Maintaining or gaining the trust of users

Software users expect it to meet a certain level of quality and a certain degree of security – in France, it will soon be measured with a “cyber score”. Software publishers who invest in a cybersecurity policy are more likely to:

  • Stand out from the competition: a solid cybersecurity policy can be a powerful argument when choosing software ;
  • Retain existing customers: a software company that has never been hacked inspires confidence and encourages customers to reinvest.

Implementing a cybersecurity policy and communicating about it can be a real lever for acquiring new customers and retaining old ones.

Read also: Software publishers, cybersecurity as a trust-building lever

Meeting regulatory requirements 

A cybersecurity policy also helps software publishers prove that they meet certain regulatory obligations, such as:

  • The General Data Protection Regulation (GDPR) imposes strict measures to guarantee the security of users’ data.
  • The imminent European Cyber Resilience Act (CRA) will impose cybersecurity requirements on vendors and manufacturers of digital products — both software and hardware.
  • The French Military Law (LPM) obliges software publishers operating on French territory to inform their customers and ANSSI in the event of a significant vulnerability in a product.

Read also: All software publishers in France must now report vulnerabilities to the national authority

Given the costs, benefits, and potential consequences, investing in a solid cybersecurity policy is an obligation for software publishers wishing to preserve their business.

NIS2 Directive: Step-by-Step Guide to Compliance

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Software publishers: how can you protect yourself?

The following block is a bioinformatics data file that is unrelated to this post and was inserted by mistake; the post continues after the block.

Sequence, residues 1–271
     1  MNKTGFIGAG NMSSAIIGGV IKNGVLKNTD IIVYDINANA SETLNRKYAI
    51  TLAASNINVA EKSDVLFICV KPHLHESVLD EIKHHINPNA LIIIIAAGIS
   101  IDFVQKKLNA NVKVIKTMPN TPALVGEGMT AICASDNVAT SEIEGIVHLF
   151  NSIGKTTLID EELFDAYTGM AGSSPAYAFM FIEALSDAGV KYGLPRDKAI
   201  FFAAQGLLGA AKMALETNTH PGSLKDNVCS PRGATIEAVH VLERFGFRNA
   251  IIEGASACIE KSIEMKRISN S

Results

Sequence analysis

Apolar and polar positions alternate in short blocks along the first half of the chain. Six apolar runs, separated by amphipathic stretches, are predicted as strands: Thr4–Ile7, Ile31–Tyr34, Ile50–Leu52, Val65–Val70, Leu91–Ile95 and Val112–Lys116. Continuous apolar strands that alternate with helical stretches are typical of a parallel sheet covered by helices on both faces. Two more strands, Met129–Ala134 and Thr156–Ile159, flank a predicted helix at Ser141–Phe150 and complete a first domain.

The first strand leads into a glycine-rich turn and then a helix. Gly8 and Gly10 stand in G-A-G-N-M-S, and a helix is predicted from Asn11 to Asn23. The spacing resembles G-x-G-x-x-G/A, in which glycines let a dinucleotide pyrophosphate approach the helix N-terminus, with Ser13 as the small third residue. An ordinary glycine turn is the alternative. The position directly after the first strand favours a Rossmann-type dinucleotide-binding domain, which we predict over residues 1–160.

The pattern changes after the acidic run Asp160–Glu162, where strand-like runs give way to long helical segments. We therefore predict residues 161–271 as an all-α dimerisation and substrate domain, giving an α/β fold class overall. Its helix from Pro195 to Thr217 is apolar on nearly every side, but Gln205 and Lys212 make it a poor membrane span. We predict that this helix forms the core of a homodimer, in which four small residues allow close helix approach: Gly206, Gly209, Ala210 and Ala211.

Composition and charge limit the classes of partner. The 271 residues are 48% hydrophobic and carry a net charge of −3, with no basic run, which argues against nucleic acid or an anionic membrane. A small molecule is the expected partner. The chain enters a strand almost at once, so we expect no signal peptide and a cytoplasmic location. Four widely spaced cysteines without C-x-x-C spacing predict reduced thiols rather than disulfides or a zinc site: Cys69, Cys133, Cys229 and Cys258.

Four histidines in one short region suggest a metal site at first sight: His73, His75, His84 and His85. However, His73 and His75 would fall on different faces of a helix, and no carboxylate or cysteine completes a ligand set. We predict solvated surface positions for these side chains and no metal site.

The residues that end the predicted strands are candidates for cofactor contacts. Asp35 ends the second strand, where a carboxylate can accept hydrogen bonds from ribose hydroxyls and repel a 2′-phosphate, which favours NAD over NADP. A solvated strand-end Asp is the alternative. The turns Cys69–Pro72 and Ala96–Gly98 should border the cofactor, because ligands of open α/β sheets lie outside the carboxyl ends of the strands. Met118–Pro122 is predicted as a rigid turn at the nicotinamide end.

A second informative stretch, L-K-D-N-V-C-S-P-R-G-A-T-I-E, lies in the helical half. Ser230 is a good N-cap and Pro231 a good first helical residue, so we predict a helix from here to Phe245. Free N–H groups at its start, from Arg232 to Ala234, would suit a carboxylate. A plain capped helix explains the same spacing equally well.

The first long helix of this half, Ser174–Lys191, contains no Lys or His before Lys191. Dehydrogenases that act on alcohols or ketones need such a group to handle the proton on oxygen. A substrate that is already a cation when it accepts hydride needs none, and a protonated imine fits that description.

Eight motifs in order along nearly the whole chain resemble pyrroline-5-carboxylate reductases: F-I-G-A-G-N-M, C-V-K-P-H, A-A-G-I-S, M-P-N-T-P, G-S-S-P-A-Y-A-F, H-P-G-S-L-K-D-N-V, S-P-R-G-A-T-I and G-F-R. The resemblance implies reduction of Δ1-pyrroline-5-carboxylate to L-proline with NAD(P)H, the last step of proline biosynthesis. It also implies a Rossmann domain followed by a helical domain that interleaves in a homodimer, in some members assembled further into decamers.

You can use various cyber solutions to guarantee the security of your information systems and products.

To limit the risks of attack — and the associated costs — the first step is to audit your IS and products to identify vulnerabilities

Pentesting and Bug Bounty are particularly efficient solutions:

  • Pentest as a Service: a security audit launched in less than a week for a fixed price. Uncover most of the vulnerabilities in a product and assess its security level at a given time, or plan several pen tests throughout your development cycle as part of a DevSecOps approach.
  • Bug bounty: an in-depth vulnerability hunt with the security researchers of the Yogosha Strike Force. Identify the most critical vulnerabilities with a pay-for-results logic. No vulnerabilities = no expenses: you’re only rewarded for exploitable results.

As an expert in cybersecurity, Yogosha helps software publishers strengthen the protection of their information systems and products. Our Vulnerability Operations Center (VOC) allows you to launch PtaaS and Bug Bounty operations with expert security researchers, and manage them easily from a dedicated platform.

With Yogosha, improve the digital security of your software to prevent attacks. Contact us!